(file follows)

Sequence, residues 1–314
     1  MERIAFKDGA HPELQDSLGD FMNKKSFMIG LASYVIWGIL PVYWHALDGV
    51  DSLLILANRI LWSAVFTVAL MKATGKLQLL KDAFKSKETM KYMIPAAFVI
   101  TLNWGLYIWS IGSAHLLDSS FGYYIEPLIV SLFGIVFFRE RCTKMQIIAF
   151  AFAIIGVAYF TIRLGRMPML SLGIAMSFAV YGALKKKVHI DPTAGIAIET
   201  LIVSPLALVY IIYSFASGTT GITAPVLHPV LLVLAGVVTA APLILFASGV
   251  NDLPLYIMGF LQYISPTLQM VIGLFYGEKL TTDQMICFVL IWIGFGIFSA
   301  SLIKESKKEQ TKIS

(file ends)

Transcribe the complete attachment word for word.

Sequence, residues 1–314
     1  MERIAFKDGA HPELQDSLGD FMNKKSFMIG LASYVIWGIL PVYWHALDGV
    51  DSLLILANRI LWSAVFTVAL MKATGKLQLL KDAFKSKETM KYMIPAAFVI
   101  TLNWGLYIWS IGSAHLLDSS FGYYIEPLIV SLFGIVFFRE RCTKMQIIAF
   151  AFAIIGVAYF TIRLGRMPML SLGIAMSFAV YGALKKKVHI DPTAGIAIET
   201  LIVSPLALVY IIYSFASGTT GITAPVLHPV LLVLAGVVTA APLILFASGV
   251  NDLPLYIMGF LQYISPTLQM VIGLFYGEKL TTDQMICFVL IWIGFGIFSA
   301  SLIKESKKEQ TKIS